Maisha+ focuses on sharing experiences and lessons in reaching out to the hard-to-reach community populations in Sub Saharan African with HIV and AIDS interventions. In this issue: -Towards zero HIV infections, discrimination and AIDS deaths for hard to reach communities -Violence against women contributing to spread of HIV -Supporting Associations of people living with HIV in Uganda -Challenges in addressing traditional beliefs and practices in HIV and AIDS among the Maasai -Working with sexual minorities in Rwanda -Stop the discrimination! -testimony from a victim of assault

  9. Overlooked and at Risk: Lesbian, Gay, Bisexual and Transgender Youth in the Caribbean

    As long as criminalization of homosexuality and stigma, discrimination and violence against LGBT individuals continues in the Caribbean, the emotional and physical health of LGBT young people is at risk. All young people have the right to be treated equally under the law and to live free of discrimination and harassment. Organizations, governments, and individuals must work toward full acceptance and recognition of LGBT people, including young people.

  10. Shaping AIDS Education and Prevention Programs for African Americans Amidst Community Decline

    AIDS education must be tailored to the target community's needs. A three-pronged approach is needed to mitigate the AIDS epidemic within the African American community. Firstly, the notion that AIDS and the drug abuse epidemics are a conspiracy must be dispelled and converted into a movement to save African Americans. Secondly, African American men and women, separately then together, must take responsibility for the gender role changes that have encouraged HIV and STI infections. …

  11. Go Girls! Visual Briefs

    This booklet contains flipcharts on a variety of topics to help communities identify ways to make environment safer for girls.

  12. Conversations in equity and social justice: constructing safe schools for queer youth

    The paper is a critique of discourse focused on at-risk behaviour and homophobic bullying. The paper argues that conversations around homophobic bullying must include discussions of doing equity and achieving social justice, in which the ultimate goal of constructing safe schools is achieved through the utter transformation of school culture. Failure to do anything less continues to license homophobia and makes predictable and inevitable violence against queer youth. …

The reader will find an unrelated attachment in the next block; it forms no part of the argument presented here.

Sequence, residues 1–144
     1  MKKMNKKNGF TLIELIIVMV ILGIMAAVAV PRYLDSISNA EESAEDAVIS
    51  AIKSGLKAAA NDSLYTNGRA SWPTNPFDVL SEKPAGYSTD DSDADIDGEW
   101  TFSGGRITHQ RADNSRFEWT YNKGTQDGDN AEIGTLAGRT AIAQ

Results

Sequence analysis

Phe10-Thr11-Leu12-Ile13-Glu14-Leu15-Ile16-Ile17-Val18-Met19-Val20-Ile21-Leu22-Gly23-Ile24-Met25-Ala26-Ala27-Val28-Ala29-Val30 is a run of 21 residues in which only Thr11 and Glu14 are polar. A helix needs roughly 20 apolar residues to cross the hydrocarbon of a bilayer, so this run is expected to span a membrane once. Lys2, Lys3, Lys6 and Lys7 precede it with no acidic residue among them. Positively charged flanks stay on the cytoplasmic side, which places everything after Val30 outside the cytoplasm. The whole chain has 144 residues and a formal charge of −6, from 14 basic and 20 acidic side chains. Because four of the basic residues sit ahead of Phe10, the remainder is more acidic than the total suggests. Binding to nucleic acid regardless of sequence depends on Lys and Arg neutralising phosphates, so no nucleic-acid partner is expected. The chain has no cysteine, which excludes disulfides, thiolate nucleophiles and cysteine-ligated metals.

13. Stirring it up or stirring it in? Perspectives on the development of sexualities equality in a faith based primary school

    This article examines what happened within one Church of England primary school during an action research project concerning sexualities. No Outsiders aimed at exploring how teachers developed classroom practices that promoted greater inclusion of sexual minorities, at the same time as working to eradicate homophobic bullying and heterosexism. This examination engages current research methodologies, including post-structural analytics and narrative ethnography, to consider the viewpoints of headteacher and researcher, with a particular reference to faith issues. …

  14. The KNUT EFAIDS training manual

    The Kenya National Union of Teachers (KNUT) has been implementing a successful programme - the EFAIDS, as a contribution to the achievement of the Education For All (EFA) in the era of HIV and AIDS pandemic. The programme is co-sponsored by Education International (EI). The manual is intended to equip the trainers with skills and knowledge to facilitate their ability to train their colleague teachers at the school level who will in turn reach out to the learners and the surrounding communities. Specifically the trainers will: 1. Acquire information about KNUT EI/EFAIDS; 2. …

  15. The sexual and reproductive health of younger adolescents. Research issues in developing countries

    This paper reviews quantitative and qualitative evidence on adolescents' sexual and reproductive health from a number of developing countries and, where possible, highlights findings for boys and girls aged under 15 years in those studies where findings are disaggregated by age and sex (which is not always the case). The evidence is sporadic, however, and is by no means representative of all developing countries. …